Il Primo Ministro greco Lucas Papademos riceve l'approvazione del governo su tagli al bilancio che corrispondono al 7% del Pil nei prossimi tre anni e su una ristrutturazione finalizzata a ridurre di €100 mld gli oltre €200 mld di debito detenuto dai creditori privati, atteso il voto del parlamento • Standard & Poor's declassa il merito creditizio di 34 banche italiane tra cui UniCredit a BBB+ da A, Intesa Sanpaolo a BBB+ da A e Banca Monte dei Paschi di Siena a BBB da BBB+, S&P anticipa "una redditività decisamente debole per le banche italiane nei prossimi anni" • La produzione industriale italiana aumenta a dicembre +1,4% da novembre +0,3%, oltre le stime degli economisti +0,5%, anche se i dati del quarto trimestre -2,1% suggeriscono che la terza economia della zona euro è entrata nella seconda recessione dal 2009 • I Btp decennali salgono per la quinta settimana consecutiva, il periodo di recupero più lungo in oltre cinque anni, la prossima settimana il Tesoro vende €4 mld di buoni al 6% con scadenza 2014 • L'euro cala dal massimo di due mesi contro il dollaro, il mercato azionario europeo cala dal massimo di sei settimane e l'azionario Usa registra la prima settimana di perdite del 2012 dopo che i ministri delle finanze europee non hanno concesso il pacchetto di aiuto necessario a prevenire il collasso economico della Grecia

giovedì 23 febbraio 2012

Market Comment - February 23

(Marco Bonelli) I am curious what the reason will be that drives investors to buy stocks now or even later after a widely expected (small) correction!

With that, I am referring to the upcoming corporate news vacuum after the Q4 earnings season (by yesterday, 440 of the 500 S&P companies reported), which leaves investors with a mediocre season, that delivered many positive surprises but also a lot disappointing guidance for Q1 (recent reports by many retailers, TOL, FWLT support that and weak reports and outlook by DELL, HPQ and ADI shows that even in the sector that demonstrated the best earnings picture in Q4, the outlook is not as rosy as broadly expected).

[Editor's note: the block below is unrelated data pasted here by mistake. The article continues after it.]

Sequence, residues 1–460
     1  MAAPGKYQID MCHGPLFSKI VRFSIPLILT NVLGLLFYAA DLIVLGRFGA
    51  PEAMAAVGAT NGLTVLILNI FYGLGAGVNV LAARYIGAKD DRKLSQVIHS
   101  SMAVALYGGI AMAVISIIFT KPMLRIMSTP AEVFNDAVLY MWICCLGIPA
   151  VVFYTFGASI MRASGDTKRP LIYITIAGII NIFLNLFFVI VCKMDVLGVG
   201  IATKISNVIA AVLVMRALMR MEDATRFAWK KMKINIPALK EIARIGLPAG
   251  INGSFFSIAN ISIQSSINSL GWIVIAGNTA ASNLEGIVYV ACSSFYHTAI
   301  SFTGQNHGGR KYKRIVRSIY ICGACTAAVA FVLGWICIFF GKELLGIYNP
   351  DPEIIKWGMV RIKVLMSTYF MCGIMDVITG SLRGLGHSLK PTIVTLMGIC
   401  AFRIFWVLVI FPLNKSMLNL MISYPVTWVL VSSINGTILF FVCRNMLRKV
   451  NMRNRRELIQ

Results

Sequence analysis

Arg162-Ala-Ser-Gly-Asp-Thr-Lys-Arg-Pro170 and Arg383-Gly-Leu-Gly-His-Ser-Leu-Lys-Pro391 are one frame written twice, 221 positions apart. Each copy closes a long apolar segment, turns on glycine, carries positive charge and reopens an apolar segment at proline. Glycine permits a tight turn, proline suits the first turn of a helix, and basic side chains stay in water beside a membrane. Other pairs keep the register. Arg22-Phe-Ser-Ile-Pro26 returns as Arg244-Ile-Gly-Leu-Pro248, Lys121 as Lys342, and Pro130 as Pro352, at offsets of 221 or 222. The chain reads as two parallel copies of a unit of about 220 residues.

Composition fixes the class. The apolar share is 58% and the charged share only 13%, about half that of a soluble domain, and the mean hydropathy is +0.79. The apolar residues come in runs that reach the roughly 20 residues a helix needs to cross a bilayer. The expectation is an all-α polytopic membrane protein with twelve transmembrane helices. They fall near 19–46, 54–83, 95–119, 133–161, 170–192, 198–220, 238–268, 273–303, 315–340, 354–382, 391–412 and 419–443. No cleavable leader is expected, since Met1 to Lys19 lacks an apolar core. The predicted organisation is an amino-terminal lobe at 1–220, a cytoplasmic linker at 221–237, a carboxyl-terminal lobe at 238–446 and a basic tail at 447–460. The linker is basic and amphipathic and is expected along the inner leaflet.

I am also referring to the risk of lower than expected economic data, which is normal after many weeks of better than expected numbers but poses a serious risk to the perception of a still fragile economic recovery that faces many headwinds. Weaker than expected Existing Home Sales for December and January (although the numbers still show a healthy uptrend)) yesterday adds to the weaker industrial production and retail sales last week. So far the market didn't see a really bad number but if it does, I'm not sure if the market brushes it off easily.

So the current optimistic fundamental outlook is debatable and sentiment is quite in the bullish camp, how about liquidity? Undoubtedly money is available for investment and central banks provide extra liquidity with an ultra-easy monetary policy approach but as long as there is uncertainty around the fundamental picture and as long as fundamental expectations are not really backed up by fundamental reality, the liquidity argument only works temporary and at this point probably doesn't really kick in.

Psychologically it will also be the question if the little profit-taking we have seen so far and the more profit-taking we might see in the near-term future isn't just the first step in the process of thinking the investment thesis (that dominated over the last two months) over. Weak earnings guidance (backing up Bloomberg data that shows that S&P500 earnings growth expectations came down to -0.4% in Q1 and +1.3% in Q2), more weaker-than-expected economic numbers will certainly help in that process. Therefore, I have difficulty to believe that traders and investors will blindly dive into stocks on any weakness and drive prices up to new highs. We will most likely see rebounds but Dow Jones 14000, SPX 1500 or Nasdaq 4000 as the next goal of the current rally doesn't really match with the underlying fundamental picture.

That said, the Dow Jones Transportation Index continued its correction (now 4.92% below the highs from February 3), broke its 50day MA and could have started the completion of a small head-and-shoulder formation that could easily deliver another 5% downside. More profit-taking also kicked in at the high-flying homebuilding sector, some technology sub-sectors, specialty retailers, biotechs and financials, while market breadth in the Nasdaq recorded the second weakest level so far this year.

Maybe the signs are too obvious and the market manages to hang in a little longer, which will provide more opportunities to lighten up or sell positions ahead of some prolonged weakness in the upcoming months.

Trade well and watch out!

(Marco Bonelli is the Managing Director of International for CL King & Associates in New York. The opinions expressed are his own.)

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